CMOs have made it fashionable to use conference stages to talk loudly about transparency issues across the industry. It’s now cool to play the role of a disappointed parental figure — digital media has so much promise, they say, but they’re let down constantly by agencies, platforms, metrics, fraud or all of the above.

But as we’ve argued previously, most problems in media begin and end with clients themselves. And for any change to happen, they will need to take a stand beyond repeated conference talks calling for a “cleanup.”

Some marketers are waking up to this, it seems. Just this week, speaking at the Digiday Brand Summit in Ireland, RBS CMO David Wheldon, asked about why agencies have to go to lengths to make money in ways clients may not know about. “Clients should’ve taken responsibility for how their external partners were rewarded for what they’ve done,” he said. It’s not just procurement to blame: Clients that used to pay margins of 17.5% are now paying in the low single digits. In that environment, it’s no wonder agencies that need to run a business start looking for other options to claw back some revenue.

Meanwhile, few marketers are pulling significant dollars from major platforms over their repeated measurement and brand-safety issues, despite what they might claim when reporters call.

Agencies sound like they’re pretty sick of the whole thing too: “I think it’s time to call bullshit on the transparency thing,” said one agency CEO speaking to me to this week. Another exec said: “If things are this bad then why don’t they stop spending on the platforms?”

But perhaps it’s more that it’s often easier to have someone to blame than to do the hard work of figuring out a solution. “This suits them better,” said a third agency exec. — Shareen Pathak

Don’t count on Congress to cancel out California’s privacy law
Congress appears likely to try to introduce a federal privacy law that may preempt states’ privacy laws, including the California Consumer Privacy Act. But businesses that might be affected shouldn’t bank on such a law passing, and especially not before the California law takes effect in January 2020.

Companies and industry groups have been angling for Congress to pass a federal privacy law that would cancel out states’ privacy laws. The California privacy law specifically has posed a headache for businesses because of the broad categories of information it covers and a continued lack of clarity into some provisions, including what qualifies as “de-identified information” and what is considered a household.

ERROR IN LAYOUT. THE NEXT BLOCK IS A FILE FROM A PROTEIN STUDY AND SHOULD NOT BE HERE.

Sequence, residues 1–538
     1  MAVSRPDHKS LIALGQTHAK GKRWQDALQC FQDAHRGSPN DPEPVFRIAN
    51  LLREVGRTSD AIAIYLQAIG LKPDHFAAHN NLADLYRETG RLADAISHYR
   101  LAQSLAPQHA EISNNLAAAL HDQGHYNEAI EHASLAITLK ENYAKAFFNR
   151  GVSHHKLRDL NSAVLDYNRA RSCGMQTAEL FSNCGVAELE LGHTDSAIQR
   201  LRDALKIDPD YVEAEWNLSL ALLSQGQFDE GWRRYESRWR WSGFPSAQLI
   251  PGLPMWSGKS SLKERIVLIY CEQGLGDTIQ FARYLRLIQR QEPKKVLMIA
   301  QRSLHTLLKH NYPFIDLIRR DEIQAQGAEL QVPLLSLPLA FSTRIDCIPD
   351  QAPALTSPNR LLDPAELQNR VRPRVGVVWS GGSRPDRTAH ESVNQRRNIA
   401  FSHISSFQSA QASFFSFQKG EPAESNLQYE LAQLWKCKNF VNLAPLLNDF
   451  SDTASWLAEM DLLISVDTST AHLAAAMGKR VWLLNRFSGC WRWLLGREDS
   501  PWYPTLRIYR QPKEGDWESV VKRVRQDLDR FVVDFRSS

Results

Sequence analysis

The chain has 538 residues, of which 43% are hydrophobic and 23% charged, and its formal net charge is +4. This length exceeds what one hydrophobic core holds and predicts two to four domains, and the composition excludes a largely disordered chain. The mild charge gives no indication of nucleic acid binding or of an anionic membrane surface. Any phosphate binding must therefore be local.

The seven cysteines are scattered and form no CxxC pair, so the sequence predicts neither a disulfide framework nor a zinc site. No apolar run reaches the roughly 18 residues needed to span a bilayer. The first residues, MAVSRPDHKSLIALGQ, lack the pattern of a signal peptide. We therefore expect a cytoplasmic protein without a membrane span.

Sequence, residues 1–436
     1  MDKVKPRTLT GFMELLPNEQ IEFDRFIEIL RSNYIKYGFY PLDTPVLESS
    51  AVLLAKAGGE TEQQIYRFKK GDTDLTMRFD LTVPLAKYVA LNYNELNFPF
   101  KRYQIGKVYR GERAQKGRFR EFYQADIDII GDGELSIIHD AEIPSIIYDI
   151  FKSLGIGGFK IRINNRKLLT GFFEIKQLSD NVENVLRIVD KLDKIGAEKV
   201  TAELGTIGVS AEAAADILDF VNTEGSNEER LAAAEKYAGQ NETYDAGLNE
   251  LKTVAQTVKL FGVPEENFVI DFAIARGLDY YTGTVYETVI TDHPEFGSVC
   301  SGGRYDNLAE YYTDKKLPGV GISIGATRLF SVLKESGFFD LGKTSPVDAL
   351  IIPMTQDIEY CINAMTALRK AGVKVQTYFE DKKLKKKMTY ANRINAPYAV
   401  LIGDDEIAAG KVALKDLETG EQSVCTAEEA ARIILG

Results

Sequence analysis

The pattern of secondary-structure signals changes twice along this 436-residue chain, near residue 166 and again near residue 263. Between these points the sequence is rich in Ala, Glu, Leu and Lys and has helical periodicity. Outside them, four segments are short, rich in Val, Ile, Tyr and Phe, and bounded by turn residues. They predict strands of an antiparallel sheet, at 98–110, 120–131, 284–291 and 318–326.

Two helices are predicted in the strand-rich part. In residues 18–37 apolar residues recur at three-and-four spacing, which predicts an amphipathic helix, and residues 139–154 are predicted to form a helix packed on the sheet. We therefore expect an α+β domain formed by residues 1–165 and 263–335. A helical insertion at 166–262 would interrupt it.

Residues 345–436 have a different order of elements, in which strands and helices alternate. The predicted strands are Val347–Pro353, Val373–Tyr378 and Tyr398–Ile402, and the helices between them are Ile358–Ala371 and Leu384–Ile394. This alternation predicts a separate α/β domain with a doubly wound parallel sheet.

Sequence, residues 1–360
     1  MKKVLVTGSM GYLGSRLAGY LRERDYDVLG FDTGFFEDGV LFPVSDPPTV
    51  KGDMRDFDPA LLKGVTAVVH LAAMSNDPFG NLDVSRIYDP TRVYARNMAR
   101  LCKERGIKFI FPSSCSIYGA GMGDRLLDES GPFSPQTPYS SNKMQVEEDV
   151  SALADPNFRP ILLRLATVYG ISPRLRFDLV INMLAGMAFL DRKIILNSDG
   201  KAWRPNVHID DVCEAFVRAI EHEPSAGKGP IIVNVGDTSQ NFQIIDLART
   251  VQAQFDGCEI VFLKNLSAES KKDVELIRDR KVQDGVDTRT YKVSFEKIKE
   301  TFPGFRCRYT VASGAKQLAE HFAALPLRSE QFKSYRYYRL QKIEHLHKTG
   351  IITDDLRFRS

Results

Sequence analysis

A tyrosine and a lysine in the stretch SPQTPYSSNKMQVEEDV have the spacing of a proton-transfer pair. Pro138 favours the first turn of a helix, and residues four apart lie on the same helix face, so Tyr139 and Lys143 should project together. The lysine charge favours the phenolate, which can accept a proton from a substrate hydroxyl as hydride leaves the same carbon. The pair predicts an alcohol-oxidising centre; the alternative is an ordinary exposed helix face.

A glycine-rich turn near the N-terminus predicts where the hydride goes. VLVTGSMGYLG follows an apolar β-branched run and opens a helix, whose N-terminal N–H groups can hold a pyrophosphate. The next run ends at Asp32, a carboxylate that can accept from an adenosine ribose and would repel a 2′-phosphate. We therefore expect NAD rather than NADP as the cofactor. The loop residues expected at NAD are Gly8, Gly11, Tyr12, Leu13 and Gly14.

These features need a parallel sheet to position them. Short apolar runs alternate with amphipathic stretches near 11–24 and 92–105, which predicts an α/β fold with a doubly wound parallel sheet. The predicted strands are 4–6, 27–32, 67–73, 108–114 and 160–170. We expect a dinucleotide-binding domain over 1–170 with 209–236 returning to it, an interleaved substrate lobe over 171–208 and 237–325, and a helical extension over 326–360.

Companies looking to Congress to help their interests shouldn’t get their hopes up. While some representatives and senators have introduced privacy bills following Facebook’s Cambridge Analytica scandal last year, none have yet received a groundswell of support to suggest they will be put to a vote anytime soon.

Congressional committees have held a series of hearings over the past year to determine what a federal privacy law should and should not cover. But if the latest hearing hosted by the Senate Judiciary Committee this week is any indication, there remain more questions than answers at this point.

If and when a federal privacy bill does make it to the floor for a vote, the polarized political landscape makes it far from guaranteed that it will make it to the President’s desk to be signed into law. For starters, the bill would have to survive a Democrat-controlled House and then a Republican-controlled Senate; the two parties may have differing opinions on how to strike a balance between protecting people’s privacy without blighting businesses. Then if privacy becomes a major issue in the presidential campaign cycle — a lightning rod for either side to rally their base — the prospects dim further.

Nonetheless, businesses can rest uneasy that they will have to comply with at least one privacy law by next year, if only in California. — Tim Peterson

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